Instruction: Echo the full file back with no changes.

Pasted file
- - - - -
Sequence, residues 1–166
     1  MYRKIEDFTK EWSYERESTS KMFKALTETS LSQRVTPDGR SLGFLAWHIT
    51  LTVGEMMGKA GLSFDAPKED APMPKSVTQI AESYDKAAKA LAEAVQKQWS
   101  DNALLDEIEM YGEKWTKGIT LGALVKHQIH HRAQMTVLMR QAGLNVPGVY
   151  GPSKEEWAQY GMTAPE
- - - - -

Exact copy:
Sequence, residues 1–166
     1  MYRKIEDFTK EWSYERESTS KMFKALTETS LSQRVTPDGR SLGFLAWHIT
    51  LTVGEMMGKA GLSFDAPKED APMPKSVTQI AESYDKAAKA LAEAVQKQWS
   101  DNALLDEIEM YGEKWTKGIT LGALVKHQIH HRAQMTVLMR QAGLNVPGVY
   151  GPSKEEWAQY GMTAPE